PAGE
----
Pacific islands paradise now protected

Mar 29, 2006

Kiribati, a small Pacific Islands nation, announced Tuesday it is creating the third largest marine protected area in the world.

With eight atolls and two submerged reef systems, the nearly uninhabited Phoenix Islands Protected Area is the largest such area in the Pacific Islands at 73,800 square miles, twice the size of Portugal. It is the first marine protected area in the region with deep-sea habitat, including underwater mountains.

Located in the central Pacific between Hawaii and Fiji, the Phoenix Islands form an archipelago several hundred miles long. They are part of the Republic of Kiribati, which is comprised of 33 islands, making it the largest atoll nation in the world.

Kiribati President Anote Tong said establishing the protected area ensures the people of Kiribati can always benefit from the rich ocean life of their home.

"If the coral and reefs are protected, then the fish will thrive and grow and bring us benefit," Tong said. "In this way all species of fish can be protected so none become depleted or extinct."

The Republic of Kiribati and the New England Aquarium jointly developed the project with funding and technical assistance from the Global Conservation Fund.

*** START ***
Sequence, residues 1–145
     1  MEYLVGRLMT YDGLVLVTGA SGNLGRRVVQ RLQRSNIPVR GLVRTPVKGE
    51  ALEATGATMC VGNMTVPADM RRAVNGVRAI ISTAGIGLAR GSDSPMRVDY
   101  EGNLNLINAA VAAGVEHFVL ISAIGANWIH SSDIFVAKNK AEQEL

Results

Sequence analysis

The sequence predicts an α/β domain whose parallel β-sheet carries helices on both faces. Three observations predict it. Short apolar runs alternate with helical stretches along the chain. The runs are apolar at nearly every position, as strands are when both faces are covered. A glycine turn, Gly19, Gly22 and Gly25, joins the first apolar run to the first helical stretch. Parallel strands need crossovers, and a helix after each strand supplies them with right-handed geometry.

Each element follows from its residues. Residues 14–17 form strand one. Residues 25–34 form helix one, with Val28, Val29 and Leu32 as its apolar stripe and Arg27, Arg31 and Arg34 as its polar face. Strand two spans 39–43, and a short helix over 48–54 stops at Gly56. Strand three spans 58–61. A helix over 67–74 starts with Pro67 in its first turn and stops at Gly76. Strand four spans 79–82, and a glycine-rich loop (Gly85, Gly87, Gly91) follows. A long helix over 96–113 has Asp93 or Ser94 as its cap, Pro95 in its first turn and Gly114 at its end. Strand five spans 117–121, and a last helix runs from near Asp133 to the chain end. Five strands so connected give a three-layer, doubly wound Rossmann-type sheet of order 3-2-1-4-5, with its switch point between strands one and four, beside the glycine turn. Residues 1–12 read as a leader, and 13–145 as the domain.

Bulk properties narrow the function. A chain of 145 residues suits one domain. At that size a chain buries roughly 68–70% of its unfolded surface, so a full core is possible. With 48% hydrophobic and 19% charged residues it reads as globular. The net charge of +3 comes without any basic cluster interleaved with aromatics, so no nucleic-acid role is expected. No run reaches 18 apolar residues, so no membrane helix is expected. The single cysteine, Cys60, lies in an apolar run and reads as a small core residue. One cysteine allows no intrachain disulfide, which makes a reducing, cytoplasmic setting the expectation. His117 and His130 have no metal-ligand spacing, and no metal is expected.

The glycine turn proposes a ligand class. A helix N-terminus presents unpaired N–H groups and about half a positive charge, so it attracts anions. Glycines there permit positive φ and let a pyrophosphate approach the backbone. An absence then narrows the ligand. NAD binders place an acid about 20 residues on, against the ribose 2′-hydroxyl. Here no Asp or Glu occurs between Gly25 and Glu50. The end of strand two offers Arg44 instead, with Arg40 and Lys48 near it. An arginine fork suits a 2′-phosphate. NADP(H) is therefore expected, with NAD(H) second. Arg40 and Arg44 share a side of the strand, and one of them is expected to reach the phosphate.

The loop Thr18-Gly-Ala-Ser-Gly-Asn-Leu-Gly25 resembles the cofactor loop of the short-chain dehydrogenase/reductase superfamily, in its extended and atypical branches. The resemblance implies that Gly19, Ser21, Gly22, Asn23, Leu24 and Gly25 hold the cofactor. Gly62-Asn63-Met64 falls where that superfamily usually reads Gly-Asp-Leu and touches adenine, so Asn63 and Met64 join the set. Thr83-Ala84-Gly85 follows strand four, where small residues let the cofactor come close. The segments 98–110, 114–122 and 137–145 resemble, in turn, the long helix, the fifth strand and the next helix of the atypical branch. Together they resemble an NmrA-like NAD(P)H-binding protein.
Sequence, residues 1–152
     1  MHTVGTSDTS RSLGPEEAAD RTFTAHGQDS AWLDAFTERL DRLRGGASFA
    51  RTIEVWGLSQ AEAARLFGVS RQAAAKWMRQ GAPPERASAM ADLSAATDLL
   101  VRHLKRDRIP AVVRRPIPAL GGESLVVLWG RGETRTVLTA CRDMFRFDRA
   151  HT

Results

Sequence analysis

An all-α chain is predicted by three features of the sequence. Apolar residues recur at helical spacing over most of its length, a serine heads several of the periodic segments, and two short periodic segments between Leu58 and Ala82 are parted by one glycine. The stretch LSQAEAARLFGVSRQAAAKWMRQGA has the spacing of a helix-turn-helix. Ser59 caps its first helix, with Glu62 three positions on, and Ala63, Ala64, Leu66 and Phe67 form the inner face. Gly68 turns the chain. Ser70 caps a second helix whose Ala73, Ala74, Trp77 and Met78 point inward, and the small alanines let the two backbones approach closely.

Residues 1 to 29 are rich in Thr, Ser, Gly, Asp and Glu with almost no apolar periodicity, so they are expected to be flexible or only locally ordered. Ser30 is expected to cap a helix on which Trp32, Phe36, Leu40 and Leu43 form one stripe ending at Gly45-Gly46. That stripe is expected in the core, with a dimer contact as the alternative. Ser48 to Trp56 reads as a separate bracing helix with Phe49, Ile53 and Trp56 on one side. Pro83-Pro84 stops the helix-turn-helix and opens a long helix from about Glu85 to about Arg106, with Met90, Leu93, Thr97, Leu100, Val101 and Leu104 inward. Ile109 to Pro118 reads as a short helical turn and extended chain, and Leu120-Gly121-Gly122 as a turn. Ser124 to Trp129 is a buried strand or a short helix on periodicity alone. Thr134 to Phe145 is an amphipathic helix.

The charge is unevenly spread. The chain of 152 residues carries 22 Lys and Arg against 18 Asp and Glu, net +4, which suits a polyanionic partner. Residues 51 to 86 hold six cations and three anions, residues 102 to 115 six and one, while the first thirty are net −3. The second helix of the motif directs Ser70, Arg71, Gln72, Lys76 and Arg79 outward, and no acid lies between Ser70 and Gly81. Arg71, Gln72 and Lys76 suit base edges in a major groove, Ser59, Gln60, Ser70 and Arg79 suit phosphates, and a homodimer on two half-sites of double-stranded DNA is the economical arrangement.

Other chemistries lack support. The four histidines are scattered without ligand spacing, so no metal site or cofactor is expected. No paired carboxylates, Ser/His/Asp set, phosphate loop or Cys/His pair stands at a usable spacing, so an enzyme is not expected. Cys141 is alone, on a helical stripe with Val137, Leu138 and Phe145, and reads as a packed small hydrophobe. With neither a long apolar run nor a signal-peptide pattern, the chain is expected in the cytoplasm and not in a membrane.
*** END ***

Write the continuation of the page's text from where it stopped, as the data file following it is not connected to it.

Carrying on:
Copyright 2006 by United Press International

Explore further: Start of dwarf planet mission delayed after small mix-up

Related Stories

First hatch of critically endangered species

Apr 15, 2015

Six tiny nestlings at San Diego Zoo Global's facilities in Hawai'i are being closely watched by conservation biologists. These six chicks represent hope for a small Hawaiian bird species known as the 'Akikiki. ...

MPA fails to protect sharks and rays

Mar 24, 2015

New research led by researchers at the University of Victoria raises serious concerns about the ability of marine protected areas (MPAs) to effectively protect wide-ranging iconic species, such as sharks and rays.

Recommended for you

The riddle of galactic thin–thick disk solved

Apr 24, 2015

A long-standing puzzle regarding the nature of disk galaxies has finally been solved by a team of astronomers led by Ivan Minchev from the Leibniz Institute for Astrophysics Potsdam (AIP), using state-of-the-art ...

Giant cosmic tsunami wakes up comatose galaxies

Apr 24, 2015

Galaxies are often found in clusters, with many 'red and dead' neighbours that stopped forming stars in the distant past. Now an international team of astronomers, led by Andra Stroe of Leiden Observatory ...

User comments : 0

Please sign in to add a comment. Registration is free, and takes less than a minute. Read more

Click here to reset your password.
Sign in to get notified via email when new comments are made.